I’ve spent the past decade using all sorts of mobile phones, and have lived happily with loads of different Nokia handsets. The Nokia Asha 308 is the latest arrival, and it offers a number of key differences. For a start, it’s the first Asha device I’ve used. So what’s it like?
With a 3-inch screen, the Asha 308 is physically smaller than most touchscreen smartphones, and it feels a lot nicer in the hand because of it. It’s a curvy design, it’s lightweight, and it’s a really nice phone to hold.
Even as a complete newcomer to the Asha range, I found it really easy to navigate the Nokia OS on the Asha 308, flicking, tapping and swiping my way around in seconds. The capacitive screen is lovely and responsive, and shows just how far affordable handsets have come.
One thing I loved about the Asha was the ease with which the dialer can be brought up. You can end up prodding at a tiny icon to reach a numeric keypad on so many expensive touchscreen phones these days; with the Asha it’s just a swipe to the right.
Adding shortcuts to the homescreen is just as easy; simply tap and hold the screen, and then pick an app. If you don’t want to access the app from the homescreen, click the menu and select it from the list. Facebook and Twitter are both pre-installed, and it’s easy to stay in touch on the go.
Obviously there are some big differences between the Asha 308 and Nokia’s Lumia devices – there’s no Wi-Fi, for instance, and 3G and 4G connectivity is also omitted. It’s not a problem though, as the Nokia Xpress Browser uses compression technology to require up to 90 per cent less data, and web pages are genuinely quick to load. Quicker, often, than other smartphones on 3G. If Wi-Fi is a must though, you can always opt for the Nokia Asha 309, which adds wireless networking to the mix.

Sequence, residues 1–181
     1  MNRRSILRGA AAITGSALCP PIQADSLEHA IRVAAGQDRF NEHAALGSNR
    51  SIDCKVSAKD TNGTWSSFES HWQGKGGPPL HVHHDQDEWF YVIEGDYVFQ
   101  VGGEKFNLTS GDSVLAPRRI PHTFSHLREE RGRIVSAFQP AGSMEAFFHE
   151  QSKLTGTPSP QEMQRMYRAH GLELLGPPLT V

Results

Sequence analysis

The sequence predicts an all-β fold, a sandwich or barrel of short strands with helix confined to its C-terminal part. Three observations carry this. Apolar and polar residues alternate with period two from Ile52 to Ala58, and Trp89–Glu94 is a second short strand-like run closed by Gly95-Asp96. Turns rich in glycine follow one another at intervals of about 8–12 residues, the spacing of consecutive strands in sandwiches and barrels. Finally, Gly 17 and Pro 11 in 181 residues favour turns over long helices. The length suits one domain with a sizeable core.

Nokia Maps makes an appearance, and although there’s no GPS, it’s still incredibly useful. In this case, you can get an approximate location via your network operator, and it’s still a really useful app for checking out the local area.
The choice of games is one of the biggest pluses for me though, including Worms 2011 Armageddon, Need for Speed Hot Pursuit and the Sims 3. They ‘re titles that were a staple of consoles and PCs when I was growing up, and they’re just as much fun on the small screen. It makes the Asha 308 perfect for younger users wanting to be entertained.
The Asha 308 also has some neat hardware tricks up its sleeve, such as the hot-swappable second SIM card. Situated right next to the memory card reader, it’s easy to add a second SIM at any point, making it perfect for those with both business and personal numbers, or even to share between two people. With the second SIM added, you can simply select which number to use when sending messages and so on.
Overall, it’s the efficiency of the Asha 308 that’s the most surprising though. It did everything I asked of it, running smoothly and without lag. Even the games ran at an impressive pace. I absolutely loved the fact the battery lasts for days between charges, helped by the relatively small screen and efficient OS. It may not be quite as desirable as the latest Lumia handsets, but it’s a great all-round package.